If it's good enough for Sean, it's good enough for you Pierce

Checklist item number two: an overbearing megalomaniac villain. Step forward Elliott Carver. Jonathan Pryce is forced to ham it up as William Randolph Murdoch as Carver seeks to engineer a war to gain control of a TV contract aided by a poor head henchman and an iPad predecessor that can do EVERYTHING.  The worst part of Carver is his catchphrase of 'delicious' not to mention his karate act.

 I might be wearing my PJs but I can spot a good headline

Carver's plans centre around a stealth ship. A handy bit of kit sailing around with the even handier ability of sinking a Royal Navy ship in Chinese waters only for it's wreckage to end up in Vietnam. Let's also ignore that the technology used to make the stealth ship invisible seemingly means it's radar doesn't work and so Bond and Wai Lin can float right up and knock on the door.

Further to trying to turn Brosnan into Roger Moore for the 21st century we have checklist item number three: a big henchman of limited acting ability. Mr Stamper. The producers missed a trick by not casting Dolph Lundgren as Mr Stamper and so we have an almost pointless character. Just some bleached blond hair running around in a tight T shirt. Don't even get me started on his hero worship of Dr Kaufman.  Even his death at the end is rubbish.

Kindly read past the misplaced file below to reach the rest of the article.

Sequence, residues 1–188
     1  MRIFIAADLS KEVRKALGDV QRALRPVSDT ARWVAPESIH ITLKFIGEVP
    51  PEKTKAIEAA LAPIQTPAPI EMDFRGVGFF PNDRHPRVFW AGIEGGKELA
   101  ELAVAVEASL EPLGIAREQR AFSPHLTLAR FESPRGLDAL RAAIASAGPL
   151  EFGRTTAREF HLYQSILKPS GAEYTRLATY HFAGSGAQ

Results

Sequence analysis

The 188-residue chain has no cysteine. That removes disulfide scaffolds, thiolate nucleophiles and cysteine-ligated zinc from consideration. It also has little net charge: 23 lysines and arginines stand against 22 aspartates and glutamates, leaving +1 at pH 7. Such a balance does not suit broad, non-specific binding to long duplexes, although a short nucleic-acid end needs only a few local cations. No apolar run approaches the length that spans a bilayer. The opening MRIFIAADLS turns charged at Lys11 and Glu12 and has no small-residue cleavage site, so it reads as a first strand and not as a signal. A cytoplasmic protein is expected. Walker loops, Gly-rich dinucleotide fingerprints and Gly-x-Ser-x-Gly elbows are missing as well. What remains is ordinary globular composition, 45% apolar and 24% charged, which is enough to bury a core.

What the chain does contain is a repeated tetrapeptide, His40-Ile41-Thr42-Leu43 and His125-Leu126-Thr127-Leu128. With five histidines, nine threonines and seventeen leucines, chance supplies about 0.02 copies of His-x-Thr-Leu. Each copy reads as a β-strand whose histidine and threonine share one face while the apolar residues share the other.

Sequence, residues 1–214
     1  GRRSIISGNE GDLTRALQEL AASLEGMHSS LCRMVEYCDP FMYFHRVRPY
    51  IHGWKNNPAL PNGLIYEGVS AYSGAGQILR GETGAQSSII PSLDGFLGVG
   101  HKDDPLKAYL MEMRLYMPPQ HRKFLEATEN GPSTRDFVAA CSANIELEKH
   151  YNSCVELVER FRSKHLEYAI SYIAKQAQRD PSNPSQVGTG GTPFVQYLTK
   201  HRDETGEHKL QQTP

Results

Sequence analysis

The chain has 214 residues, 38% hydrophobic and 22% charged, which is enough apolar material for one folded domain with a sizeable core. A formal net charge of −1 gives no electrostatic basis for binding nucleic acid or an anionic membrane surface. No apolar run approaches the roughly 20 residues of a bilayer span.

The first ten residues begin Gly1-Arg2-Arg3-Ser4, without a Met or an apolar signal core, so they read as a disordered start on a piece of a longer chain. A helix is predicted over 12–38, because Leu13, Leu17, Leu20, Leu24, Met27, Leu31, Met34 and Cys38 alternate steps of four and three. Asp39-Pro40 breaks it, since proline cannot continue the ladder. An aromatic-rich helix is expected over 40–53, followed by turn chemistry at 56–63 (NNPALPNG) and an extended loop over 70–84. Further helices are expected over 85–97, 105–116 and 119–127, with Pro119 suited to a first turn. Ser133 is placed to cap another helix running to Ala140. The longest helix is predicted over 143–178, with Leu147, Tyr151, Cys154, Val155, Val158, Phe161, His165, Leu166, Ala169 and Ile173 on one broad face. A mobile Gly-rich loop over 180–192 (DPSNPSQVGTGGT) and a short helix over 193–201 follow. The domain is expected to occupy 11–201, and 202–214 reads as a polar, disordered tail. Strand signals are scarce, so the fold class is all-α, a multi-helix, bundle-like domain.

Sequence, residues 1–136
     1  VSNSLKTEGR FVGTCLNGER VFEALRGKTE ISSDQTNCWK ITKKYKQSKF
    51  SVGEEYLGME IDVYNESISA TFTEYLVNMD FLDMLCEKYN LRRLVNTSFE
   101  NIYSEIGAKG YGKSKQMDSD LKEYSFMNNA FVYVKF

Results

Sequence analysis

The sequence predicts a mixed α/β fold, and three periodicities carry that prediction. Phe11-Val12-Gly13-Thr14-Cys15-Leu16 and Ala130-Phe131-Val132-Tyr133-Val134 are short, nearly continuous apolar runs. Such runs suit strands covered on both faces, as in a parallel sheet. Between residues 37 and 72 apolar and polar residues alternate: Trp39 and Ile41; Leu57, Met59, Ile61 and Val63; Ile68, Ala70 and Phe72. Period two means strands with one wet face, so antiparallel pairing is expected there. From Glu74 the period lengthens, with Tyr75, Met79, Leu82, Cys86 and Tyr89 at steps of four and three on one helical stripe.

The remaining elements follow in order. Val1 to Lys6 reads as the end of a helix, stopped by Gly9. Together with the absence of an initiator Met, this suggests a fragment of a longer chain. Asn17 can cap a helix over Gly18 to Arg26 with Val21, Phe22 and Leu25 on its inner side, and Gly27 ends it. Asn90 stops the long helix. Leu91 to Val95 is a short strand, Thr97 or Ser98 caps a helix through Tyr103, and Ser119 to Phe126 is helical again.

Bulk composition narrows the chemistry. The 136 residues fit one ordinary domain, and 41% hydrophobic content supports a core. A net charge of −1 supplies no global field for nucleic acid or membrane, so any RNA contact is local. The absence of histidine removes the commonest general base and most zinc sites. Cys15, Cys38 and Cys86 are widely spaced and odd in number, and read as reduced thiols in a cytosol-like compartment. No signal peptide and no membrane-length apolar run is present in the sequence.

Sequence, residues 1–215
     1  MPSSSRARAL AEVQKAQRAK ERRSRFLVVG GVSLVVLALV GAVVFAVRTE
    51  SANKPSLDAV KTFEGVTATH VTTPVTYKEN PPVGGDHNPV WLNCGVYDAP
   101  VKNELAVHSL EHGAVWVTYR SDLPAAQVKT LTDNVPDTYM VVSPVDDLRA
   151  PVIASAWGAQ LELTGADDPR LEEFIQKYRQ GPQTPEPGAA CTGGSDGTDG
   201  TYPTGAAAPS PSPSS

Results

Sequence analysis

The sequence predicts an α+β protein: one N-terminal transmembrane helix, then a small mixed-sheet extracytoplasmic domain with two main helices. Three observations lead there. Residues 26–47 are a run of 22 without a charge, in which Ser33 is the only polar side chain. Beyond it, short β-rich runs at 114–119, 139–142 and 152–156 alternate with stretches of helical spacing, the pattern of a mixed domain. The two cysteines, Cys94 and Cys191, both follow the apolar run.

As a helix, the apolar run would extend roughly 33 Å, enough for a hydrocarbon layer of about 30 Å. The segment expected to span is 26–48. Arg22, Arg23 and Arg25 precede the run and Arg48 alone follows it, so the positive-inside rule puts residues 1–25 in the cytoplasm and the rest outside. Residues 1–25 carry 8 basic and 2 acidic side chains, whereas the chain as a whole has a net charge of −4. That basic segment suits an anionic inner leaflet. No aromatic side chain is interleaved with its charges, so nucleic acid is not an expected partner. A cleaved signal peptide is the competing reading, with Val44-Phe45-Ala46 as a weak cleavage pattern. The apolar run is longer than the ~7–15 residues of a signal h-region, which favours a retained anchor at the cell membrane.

The checklist continues by throwing Bond into far off locations. We end up in China for the first time in a few years, presumably to remind the world that Hong Kong still belonged to the UK. The set pieces bouncing around the Far East are pleasant enough even if they are saturated in BMW product placement.

Brace yourself for the continuation of the checklist. Delving heavily into the Roger Moore book of Bond cliches we have Q developing a remote controlled car. Bond can now drive his BMW with a Sony Ericsson. What's he going to be able to do if he gets his hands on an iPhone?  Having said that Q's appearance is a genuine high point in the film. He's held with such affection we can forgive the crocodile submarines and talking cars.

Tomorrow Never Dies leaves you with the feeling that Brosnan's Bond may have peaked to soon with GoldeEye. This is Bond by rote, lazy and uninspired and it's more than apparent the film suffered from rushed rewrites and no basis in Fleming's stories.  Tomorrow Never Dies is littered with one liners and innuendo, from cunning linguists to celebrity overdoses.  There's a hint of tiredness as the film casts names in minor roles in the same way ailing US TV shows cast bigger and bigger special guest stars before being cancelled and so we see Teri Hatcher getting the gig ahead of a then fairly unknown Monica Bellucci.

 You can see why Brosnan had the hump Monica didn't get the part

Looking back, Pulp should have done the theme song and the producers can count themselves reasonably lucky they were up against Cameron's indulgent Titanic at the box office.  James Cameron's juggernaut proved that at least there was something that was truly terrible in the cinema.

James Bond will return but first he needs a nap to recharge his batteries. The next instalment needs to be made with a considered approach to get the series back on track. Thank God it's not the 20th movie of the series.